Yep, as AndyD versified, on this snow-choked weekend, we went to Stratton.

First, a big thankyou to laSH for getting us to two free half-tickets (and
in case anyone is wondering whether you can show up and say you lost the
printout but you have ID and they can look it up in their computer... they
won't and you can't.)

Which leads to the Valet thing... If they'da sprung for the second free
tick, I'da sprung for deluxe parking... they didn't and I didn't.

Which, since the upper lot was full and the lower lot where they wanted to
put us involved a bus ride, led us to the Sun Bowl side of Stratton. Which
turned out to be a good thing.

But before that, what on earth led us to Stratton??? The answer is equal
parts geography, cruise-envy, fatigue, and fear of wind hold. Over a
leisurely Sunday breakfast--a tasty concoction AndyD makes called scrambled
eggs and potato chips--and after a soothing hot tub, we contemplated the
relative merits and probable conditions of Mt. Snow, Magic and Stratton. We
decided to pay Tag a visit.

And let me tell you, it was epic.

Okay, not quite epic. But it was very, very niiice.

We spent the morning at Sun Bowl, where bright rays made a welcome antidote
to chill winds. The lift rides were the sort where you pull your hood tight,
endure the blast and don't say much. On that eastern face, on the chair
rides up, the prevailing west wind crested the mountain top and Bernoulli'd
straight into our faces. Of course, once off, and facing downhill, the power
gusts were pushing at our backs. We raced the wind-whipped snow devils down
wide open, uncrowded, sweetly groomed and sweetly rolling blue and black
cruisers, varying our speeds between fast and faster.

The trails had between one quarter and four inches of the same light fluff
people described farther north, over a hard surface that machines had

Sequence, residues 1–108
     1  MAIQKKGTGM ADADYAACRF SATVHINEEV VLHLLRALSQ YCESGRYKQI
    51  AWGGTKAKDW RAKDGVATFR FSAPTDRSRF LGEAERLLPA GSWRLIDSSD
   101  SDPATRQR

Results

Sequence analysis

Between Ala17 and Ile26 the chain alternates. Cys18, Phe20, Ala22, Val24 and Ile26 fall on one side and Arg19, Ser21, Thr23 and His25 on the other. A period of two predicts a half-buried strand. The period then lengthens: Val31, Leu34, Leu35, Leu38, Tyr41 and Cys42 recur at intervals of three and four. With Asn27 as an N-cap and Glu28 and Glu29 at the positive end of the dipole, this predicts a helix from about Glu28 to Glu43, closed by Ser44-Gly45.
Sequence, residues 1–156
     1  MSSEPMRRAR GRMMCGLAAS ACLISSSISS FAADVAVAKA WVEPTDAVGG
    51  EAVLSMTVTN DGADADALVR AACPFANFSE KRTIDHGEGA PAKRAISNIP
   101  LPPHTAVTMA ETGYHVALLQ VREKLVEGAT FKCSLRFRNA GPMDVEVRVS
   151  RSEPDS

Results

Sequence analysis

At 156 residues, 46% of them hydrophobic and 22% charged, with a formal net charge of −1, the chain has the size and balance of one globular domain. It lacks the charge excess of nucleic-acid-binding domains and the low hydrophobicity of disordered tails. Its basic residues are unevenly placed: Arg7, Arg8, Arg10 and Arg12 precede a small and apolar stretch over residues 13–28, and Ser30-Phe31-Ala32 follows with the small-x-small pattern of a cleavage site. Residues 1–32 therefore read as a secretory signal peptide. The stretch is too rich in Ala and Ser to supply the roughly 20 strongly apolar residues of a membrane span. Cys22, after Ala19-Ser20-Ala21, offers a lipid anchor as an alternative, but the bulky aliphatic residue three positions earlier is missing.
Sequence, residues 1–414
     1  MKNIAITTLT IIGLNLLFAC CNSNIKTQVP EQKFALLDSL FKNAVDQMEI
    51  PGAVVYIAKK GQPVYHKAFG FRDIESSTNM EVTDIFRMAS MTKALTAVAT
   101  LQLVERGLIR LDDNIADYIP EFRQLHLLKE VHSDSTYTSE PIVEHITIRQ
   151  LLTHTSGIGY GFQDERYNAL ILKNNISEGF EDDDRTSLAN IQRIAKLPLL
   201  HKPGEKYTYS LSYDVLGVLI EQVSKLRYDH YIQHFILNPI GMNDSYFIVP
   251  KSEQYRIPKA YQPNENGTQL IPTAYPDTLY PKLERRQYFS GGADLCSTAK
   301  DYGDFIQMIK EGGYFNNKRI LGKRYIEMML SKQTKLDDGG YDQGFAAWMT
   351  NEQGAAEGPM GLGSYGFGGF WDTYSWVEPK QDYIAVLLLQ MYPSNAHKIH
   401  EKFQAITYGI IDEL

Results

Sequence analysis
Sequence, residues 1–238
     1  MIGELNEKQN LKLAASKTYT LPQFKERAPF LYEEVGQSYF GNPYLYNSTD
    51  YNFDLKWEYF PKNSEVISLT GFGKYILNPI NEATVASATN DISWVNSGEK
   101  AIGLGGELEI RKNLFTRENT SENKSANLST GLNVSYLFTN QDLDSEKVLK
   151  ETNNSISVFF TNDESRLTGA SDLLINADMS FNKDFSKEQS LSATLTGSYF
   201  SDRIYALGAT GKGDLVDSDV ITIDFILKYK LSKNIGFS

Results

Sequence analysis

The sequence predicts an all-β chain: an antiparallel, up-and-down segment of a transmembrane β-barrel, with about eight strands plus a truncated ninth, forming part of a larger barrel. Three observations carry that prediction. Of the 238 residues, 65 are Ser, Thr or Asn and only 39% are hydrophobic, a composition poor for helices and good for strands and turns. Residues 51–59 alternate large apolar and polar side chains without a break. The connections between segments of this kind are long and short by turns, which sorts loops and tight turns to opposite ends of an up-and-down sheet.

somehow kept from turning icy. It was inviting to turn in, which we did more
for the pull and dance of it than for any speed-checking effect, since, as
JimCrowley noted, this snow didn't check speed. The light, turny TM22s gave
the feel more of skips than of turns, which for someone of my build, is
saying something. Andy doesn't so much turn as swoop. Always reminds me of
an eagle.

The runs over on Sun Bowl are long. Sometimes we'd do the full 2000 verts.
Sometimes we'd stop and ride Kidderbrook chair, missing the bottom runout
that, I suspect, inspired Bruno's flattening unflattering name for the

Yeah, the trails are not exceptionally different one from another, except
for sussing out where the better snow lay. But they dipped and dived and
turned (a bit)--enough to make gravity an irregular verb. And did I mention,
the conditions were great?

And there's woods. In between every third cruiser we threw in one of the
easily spotted tree runs. No deep powder, not a heck of a lot of powder at
all, but whether tracked or un-, the snow surface was a chalky wind crust
that was mittently edgeable. And yes, I kept thinking that, 24 weekend hours
after a dump, at MRG or 'bush, all these obvious would shots would have been
pounded to a slick glaze. They skied fun top to bottom. Some roots here and
there but mostly well covered.

Early afternoon, we shifted over to the mid-mountain "Bear" runs. Shorter
than Sun Bowl and featuring some uphill windblasts that brought a sting to
the cheeks. Still, the turns and dips kept us trying one then another and
another. (Cool steep shot at the bottom of Upper Downeaster.) And there were
woods there too.

Next was an exploration of the Bill Koch nature trail, extreme skier's
right. A faint set of tracks from before the last storm led us in on what
started as an obvious clear trail. It soon was not. We lost the tracks and
gomered ever left for fear of ending on the wrong side of a ridge. There was
a fair amount of climbing over felled trees and tiptoeing over snowcovered
pine schwack. Fun stuff if you call that stuff fun--which I do--but not
exactly skiing. We reached an intertwined series of unauthorized tracks and
eventually popped back out on Upper Kiddeberook, maybe halfway down the
mountain. The Koch trail remains an enigma. It's pretty over there, though.

Late afternoon, we returned to Sun Bowl. The winds were just as strong, but
the chill had lessened. We skied our legs to jelly and went home happy. No
Tag sightings.


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